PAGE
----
Here's How Squatting Can Affect Your Baby If They're In A Breech Position

When I went to my 36-week appointment with my daughter, I got the worst news — she was breech. That little girl had been head-down for weeks, and suddenly, she decided to do a little flip and sit on my pubic bone. I tried everything, including all the old wives' tales. I even went to the chiropractor several times. In the end, only an external cephalic version got her moving. But many of the tips to flip her were exercise-based. So since squatting is so popular during pregnancy, it makes sense to wonder, does squatting turn a breech baby?

Squatting is a great exercise to move your baby further into the birth canal, and prepare your pelvis and hips for the movements of labor and delivery, according to the American Journal of Obstetrics and Gynecology. However, squatting while pregnant with your baby in a breech presentation only serves to move your baby into a further breech presentation, possibly dropping them deeper into the birth canal, making a rotation of their position more complicated and less likely.

Squatting was one of my favorite exercises when I was pregnant. With my pubic bones aching, and my hips screaming, it seemed to relieve the pain while allowing me to break a sweat and relax. At the time, I was unaware that doing so would drop my baby further into breech.

I spoke to doula Ellen Lee of Brooklyn, New York about turning breech babies, and asked her if the rumor about squatting actually helps. Turns out, that's a big nope. She actually says to avoid squatting if your baby is breech. "The best exercise for turning a breech baby is to get on all fours and tip your hips up and down, contracting your abdominal muscles, and really stretching your spine." Lee says you shouldn't do anything percussive like squatting or the stair master, as they might cause your baby to get even more comfortable and wedged in your pelvis in the wrong direction.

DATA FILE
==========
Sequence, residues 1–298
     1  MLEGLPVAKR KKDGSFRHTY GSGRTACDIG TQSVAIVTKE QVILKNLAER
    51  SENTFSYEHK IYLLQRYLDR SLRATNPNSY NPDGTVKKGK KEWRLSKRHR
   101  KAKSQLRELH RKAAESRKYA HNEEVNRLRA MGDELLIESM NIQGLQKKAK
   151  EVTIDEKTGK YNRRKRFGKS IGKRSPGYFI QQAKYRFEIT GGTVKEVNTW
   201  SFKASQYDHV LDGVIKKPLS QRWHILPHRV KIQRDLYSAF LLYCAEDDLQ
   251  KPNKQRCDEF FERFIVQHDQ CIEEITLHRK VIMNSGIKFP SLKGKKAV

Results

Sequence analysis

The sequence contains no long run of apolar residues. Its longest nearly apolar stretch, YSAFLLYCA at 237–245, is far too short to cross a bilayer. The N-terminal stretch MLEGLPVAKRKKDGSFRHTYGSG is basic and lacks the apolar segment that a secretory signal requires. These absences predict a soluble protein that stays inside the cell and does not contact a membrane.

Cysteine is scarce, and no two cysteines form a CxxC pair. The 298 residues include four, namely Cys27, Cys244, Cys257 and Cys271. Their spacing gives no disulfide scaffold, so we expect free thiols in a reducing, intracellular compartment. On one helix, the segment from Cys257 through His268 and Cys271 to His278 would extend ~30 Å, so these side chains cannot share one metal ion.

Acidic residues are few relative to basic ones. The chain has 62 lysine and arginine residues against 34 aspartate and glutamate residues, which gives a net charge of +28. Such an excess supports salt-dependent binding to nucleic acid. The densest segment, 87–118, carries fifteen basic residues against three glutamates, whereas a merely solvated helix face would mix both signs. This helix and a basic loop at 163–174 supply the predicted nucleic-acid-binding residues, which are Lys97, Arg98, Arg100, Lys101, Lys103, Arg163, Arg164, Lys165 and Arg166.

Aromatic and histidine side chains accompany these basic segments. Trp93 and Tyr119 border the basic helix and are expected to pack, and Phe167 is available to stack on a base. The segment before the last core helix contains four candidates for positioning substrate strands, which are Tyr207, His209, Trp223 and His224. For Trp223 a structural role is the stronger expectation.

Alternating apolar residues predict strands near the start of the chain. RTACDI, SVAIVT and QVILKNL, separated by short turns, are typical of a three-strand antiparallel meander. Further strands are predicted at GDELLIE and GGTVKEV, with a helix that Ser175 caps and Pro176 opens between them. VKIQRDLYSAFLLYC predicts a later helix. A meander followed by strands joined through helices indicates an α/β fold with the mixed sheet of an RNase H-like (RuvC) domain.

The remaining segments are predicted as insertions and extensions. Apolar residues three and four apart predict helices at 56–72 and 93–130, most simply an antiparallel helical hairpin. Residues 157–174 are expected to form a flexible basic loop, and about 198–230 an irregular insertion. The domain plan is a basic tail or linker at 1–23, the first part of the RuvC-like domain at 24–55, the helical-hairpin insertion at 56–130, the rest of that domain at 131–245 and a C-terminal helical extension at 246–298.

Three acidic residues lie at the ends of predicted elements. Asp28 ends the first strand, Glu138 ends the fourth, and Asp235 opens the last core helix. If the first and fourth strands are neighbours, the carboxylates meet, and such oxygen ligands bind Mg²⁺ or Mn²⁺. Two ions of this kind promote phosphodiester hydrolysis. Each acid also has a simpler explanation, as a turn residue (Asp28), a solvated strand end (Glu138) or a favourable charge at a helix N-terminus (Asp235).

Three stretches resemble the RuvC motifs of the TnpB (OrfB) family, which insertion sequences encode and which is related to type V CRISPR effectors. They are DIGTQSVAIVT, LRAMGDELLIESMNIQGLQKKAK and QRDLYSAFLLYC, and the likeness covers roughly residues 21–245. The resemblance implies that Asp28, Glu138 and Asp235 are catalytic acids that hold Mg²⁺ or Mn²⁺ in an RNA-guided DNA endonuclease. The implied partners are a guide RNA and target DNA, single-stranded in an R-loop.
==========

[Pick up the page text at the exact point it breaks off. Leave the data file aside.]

The internet has some pretty interesting ideas about how to turn your breech baby into head-down position, too. For instance, have you tried shining a light into your tummy at the bottom, as a sort of beacon for your baby to follow? This is a real suggestion, and I'm wondering if anyone has come up with a light-up vibrator to kill two birds with one stone. I'm also picturing a tiny woman yelling, "Go into the light, Carol Ann!" as I shine the light by my vagina to peer into my stomach.

Another popular remedy seems to be burning mugwort by your pinky toe, a technique known as moxibustion, according to Science & Sensibility. I've read Harry Potter and I know that mugwort, also known as wormwood, is used in poisons and shrinking solutions. Heck, moxibustion even sounds like a Hogwarts potion (ask Neville), so maybe that means it's truly worth trying. Or if you want to skip out on searching for some fancy herbs in an effort to flip your baby and eat chocolate cake instead, that works.

Whatever potion you come up with or exercise you aim to complete, squats won't be your best choice. They're not going to turn your baby, and in fact, can do a lot of damage if you want your baby to turn. Work with your OB-GYN or midwife and see what they ask you to do. Granted, the external cephalic version (where they manipulate your baby from outside your body) isn't fun, but it worked for me, and maybe it can work for you. Or you could try using your wand.

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